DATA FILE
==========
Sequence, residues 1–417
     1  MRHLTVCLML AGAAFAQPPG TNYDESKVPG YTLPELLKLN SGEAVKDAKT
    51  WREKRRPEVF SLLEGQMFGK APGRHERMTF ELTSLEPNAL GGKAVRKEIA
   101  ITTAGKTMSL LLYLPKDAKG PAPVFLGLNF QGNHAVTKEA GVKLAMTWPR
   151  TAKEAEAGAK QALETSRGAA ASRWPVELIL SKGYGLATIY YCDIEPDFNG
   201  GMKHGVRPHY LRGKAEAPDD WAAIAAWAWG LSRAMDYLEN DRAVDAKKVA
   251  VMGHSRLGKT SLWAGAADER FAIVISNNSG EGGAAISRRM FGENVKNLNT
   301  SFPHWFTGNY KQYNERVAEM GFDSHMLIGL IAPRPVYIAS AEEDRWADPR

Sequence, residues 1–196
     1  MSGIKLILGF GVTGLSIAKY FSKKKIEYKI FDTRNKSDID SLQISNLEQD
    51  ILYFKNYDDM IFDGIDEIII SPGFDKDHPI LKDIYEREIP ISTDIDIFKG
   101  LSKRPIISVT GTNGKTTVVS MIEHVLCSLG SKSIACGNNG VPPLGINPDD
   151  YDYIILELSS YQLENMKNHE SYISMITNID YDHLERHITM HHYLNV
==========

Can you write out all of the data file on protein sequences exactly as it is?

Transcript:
Sequence, residues 1–417
     1  MRHLTVCLML AGAAFAQPPG TNYDESKVPG YTLPELLKLN SGEAVKDAKT
    51  WREKRRPEVF SLLEGQMFGK APGRHERMTF ELTSLEPNAL GGKAVRKEIA
   101  ITTAGKTMSL LLYLPKDAKG PAPVFLGLNF QGNHAVTKEA GVKLAMTWPR
   151  TAKEAEAGAK QALETSRGAA ASRWPVELIL SKGYGLATIY YCDIEPDFNG
   201  GMKHGVRPHY LRGKAEAPDD WAAIAAWAWG LSRAMDYLEN DRAVDAKKVA
   251  VMGHSRLGKT SLWAGAADER FAIVISNNSG EGGAAISRRM FGENVKNLNT
   301  SFPHWFTGNY KQYNERVAEM GFDSHMLIGL IAPRPVYIAS AEEDRWADPR

Sequence, residues 1–196
     1  MSGIKLILGF GVTGLSIAKY FSKKKIEYKI FDTRNKSDID SLQISNLEQD
    51  ILYFKNYDDM IFDGIDEIII SPGFDKDHPI LKDIYEREIP ISTDIDIFKG
   101  LSKRPIISVT GTNGKTTVVS MIEHVLCSLG SKSIACGNNG VPPLGINPDD
   151  YDYIILELSS YQLENMKNHE SYISMITNID YDHLERHITM HHYLNV